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User Icon     Posted 8 months ago     by Jim Hook     

Squirilicious

The fate of the grey squirrel is a strange one in the UK. For a country with plenty of animal rights and welfare organisations, combined with a common admiration for the agility and intelligence of this common garden animal, there doesn't seem to be too much volume in the voice to protect it. Instead, the English love of the red squirrel and sadness at its failure to compete with the grey, seems to be justification enough to warrant the extermination of this prolific rodent! If that is to be the fate of this furry acrobat, then what should be done about its meat?

There are approximately 2.5 million grey squirrels in the UK. I find it hard to imagine that any extermination plan will ever be successful, so managing the numbers as best we can is probably the only realistic way forward. Greys are blamed for the damage done to young trees through gnawing away the bark to get to the sap underneath, demolishing the contents of vegetable gardens and simply digging holes in garden lawns. If they can't be eradicated and wholly replaced by the red (who would likely cause similar damage) then management is essential. The result could easily provide a sustainable, healthy, food source for human consumption. The challenge of course is to convince people that eating a squirrel isn't the same as eating a rat and that you wouldn't be seen as odd to do so. Easier said that done I suggest!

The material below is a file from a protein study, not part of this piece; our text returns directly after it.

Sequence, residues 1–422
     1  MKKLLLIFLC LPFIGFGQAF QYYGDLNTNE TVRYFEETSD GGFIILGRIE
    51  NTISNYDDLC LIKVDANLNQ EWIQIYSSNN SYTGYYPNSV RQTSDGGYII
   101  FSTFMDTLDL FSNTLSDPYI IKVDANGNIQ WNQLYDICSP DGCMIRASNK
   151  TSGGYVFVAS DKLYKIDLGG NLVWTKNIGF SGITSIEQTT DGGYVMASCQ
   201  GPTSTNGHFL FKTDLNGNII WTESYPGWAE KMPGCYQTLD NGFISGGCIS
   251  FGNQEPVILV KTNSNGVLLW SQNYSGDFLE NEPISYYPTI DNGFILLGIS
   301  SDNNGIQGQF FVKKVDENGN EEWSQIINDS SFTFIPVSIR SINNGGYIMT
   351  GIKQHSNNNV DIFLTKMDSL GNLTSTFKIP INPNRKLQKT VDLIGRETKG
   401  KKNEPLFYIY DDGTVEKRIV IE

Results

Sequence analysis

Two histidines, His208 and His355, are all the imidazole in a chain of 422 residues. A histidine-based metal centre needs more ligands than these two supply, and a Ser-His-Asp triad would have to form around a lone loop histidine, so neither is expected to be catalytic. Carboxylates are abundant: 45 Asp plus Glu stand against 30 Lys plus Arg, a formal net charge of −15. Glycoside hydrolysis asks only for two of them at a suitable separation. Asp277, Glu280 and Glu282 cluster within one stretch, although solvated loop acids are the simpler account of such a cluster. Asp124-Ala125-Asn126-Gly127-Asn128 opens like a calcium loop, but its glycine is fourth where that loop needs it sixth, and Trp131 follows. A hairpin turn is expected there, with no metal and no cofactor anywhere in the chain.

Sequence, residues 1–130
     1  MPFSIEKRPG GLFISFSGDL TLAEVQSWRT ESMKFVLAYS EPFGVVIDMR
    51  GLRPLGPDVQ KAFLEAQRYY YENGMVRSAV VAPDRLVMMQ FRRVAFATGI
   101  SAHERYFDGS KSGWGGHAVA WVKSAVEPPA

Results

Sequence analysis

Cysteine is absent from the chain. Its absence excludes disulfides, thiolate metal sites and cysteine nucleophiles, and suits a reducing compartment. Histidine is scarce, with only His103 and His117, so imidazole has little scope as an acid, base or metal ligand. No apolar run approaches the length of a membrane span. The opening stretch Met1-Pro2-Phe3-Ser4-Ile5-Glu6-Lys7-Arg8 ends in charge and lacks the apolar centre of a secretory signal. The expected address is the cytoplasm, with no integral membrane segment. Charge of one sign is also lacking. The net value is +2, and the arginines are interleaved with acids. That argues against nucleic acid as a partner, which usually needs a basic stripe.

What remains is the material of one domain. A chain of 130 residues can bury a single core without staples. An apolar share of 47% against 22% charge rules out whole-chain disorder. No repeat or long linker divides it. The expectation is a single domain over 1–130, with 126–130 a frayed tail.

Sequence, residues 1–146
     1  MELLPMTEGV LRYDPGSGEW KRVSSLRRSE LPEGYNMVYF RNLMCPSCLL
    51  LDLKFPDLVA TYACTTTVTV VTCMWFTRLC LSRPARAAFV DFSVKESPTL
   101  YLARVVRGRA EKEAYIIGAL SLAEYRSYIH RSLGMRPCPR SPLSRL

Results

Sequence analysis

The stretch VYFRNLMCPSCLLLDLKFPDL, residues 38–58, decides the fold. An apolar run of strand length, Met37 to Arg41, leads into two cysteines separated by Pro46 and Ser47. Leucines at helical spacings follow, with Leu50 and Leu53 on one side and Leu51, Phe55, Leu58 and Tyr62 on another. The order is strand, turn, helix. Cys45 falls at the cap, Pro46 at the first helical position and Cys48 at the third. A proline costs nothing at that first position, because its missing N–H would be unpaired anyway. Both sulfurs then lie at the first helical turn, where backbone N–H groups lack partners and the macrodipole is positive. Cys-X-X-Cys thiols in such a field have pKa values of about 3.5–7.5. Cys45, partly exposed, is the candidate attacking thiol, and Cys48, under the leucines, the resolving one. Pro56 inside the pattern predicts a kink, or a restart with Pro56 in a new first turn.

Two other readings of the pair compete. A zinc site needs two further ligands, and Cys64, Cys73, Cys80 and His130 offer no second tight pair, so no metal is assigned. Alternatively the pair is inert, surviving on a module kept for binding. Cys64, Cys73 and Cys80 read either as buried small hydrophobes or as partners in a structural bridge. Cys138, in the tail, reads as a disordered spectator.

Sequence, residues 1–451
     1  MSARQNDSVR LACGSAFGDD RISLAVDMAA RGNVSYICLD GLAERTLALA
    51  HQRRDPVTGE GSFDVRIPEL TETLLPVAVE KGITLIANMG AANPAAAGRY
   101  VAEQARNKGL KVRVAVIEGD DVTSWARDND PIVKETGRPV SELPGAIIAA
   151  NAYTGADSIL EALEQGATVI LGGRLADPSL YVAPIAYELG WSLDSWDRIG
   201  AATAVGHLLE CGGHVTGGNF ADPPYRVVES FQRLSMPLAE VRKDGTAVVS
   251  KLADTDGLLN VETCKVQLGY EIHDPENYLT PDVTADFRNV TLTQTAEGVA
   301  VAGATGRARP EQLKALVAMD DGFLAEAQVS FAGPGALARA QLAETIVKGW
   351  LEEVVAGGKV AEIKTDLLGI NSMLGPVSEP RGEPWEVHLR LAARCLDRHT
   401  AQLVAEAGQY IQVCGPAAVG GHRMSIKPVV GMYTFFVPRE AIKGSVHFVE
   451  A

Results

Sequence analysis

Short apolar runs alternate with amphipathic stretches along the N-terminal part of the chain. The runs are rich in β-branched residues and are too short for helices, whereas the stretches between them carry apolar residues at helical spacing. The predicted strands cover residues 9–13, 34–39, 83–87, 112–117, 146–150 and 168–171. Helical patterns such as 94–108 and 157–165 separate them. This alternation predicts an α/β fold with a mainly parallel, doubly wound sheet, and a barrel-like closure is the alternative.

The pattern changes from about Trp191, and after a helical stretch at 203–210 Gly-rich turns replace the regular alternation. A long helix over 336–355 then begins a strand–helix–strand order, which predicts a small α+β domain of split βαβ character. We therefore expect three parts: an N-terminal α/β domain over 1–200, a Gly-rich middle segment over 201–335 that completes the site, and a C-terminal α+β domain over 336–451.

However, before we get too carried away, management of the grey squirrel has been ongoing for decades and yet there is no large scale sale of squirrel meat as a result so maybe there isn't a market for it? Well, a number of more recent game and wild meat providers are actively marketing it for sale both locally and online. A dressed squirrel will cost you anything between £2.50 - £4 although you will need a few to create a hearty meal! The haunch is the most productive part of the animal for meat with the ribs having very little to offer apart from housing the tiny tenderloins. It is delicious though! On more than one occasion where I've presented an array of game meats to people who haven't tasted it before, squirrel meat has consistently come out as the tastiest in the blind tasting competition.

Harvesting squirrels is both fun and relatively simple. Air rifles offer new stalkers a real sense of adventure for those squirrels down from their tree tops, whilst shotguns offer a great killing ability once the squirrel is actively taking part in its tree top trapeze act. Traps are still legal, and whilst they remove some of the time required to actively hunt these critters, they can offer a useful management tool. You probably won't want to eat the older squirrels (identifiable by longer and yellower teeth than the youngsters) but your dog will love them! Getting permission to manage squirrels is likely to be an easier undertaking than permission for other wild game species so hunting these furry acrobats provides a great entry into countryside pursuits. Overall, managing the grey squirrel population provides benefits all round - management, hunting opportunities, and a healthy, sustainable and tasty food source.

Some online retailers for squirrel meat can be found here:

The Dorset Game Larder

The Wild Meat Company

The Dog's Butcher

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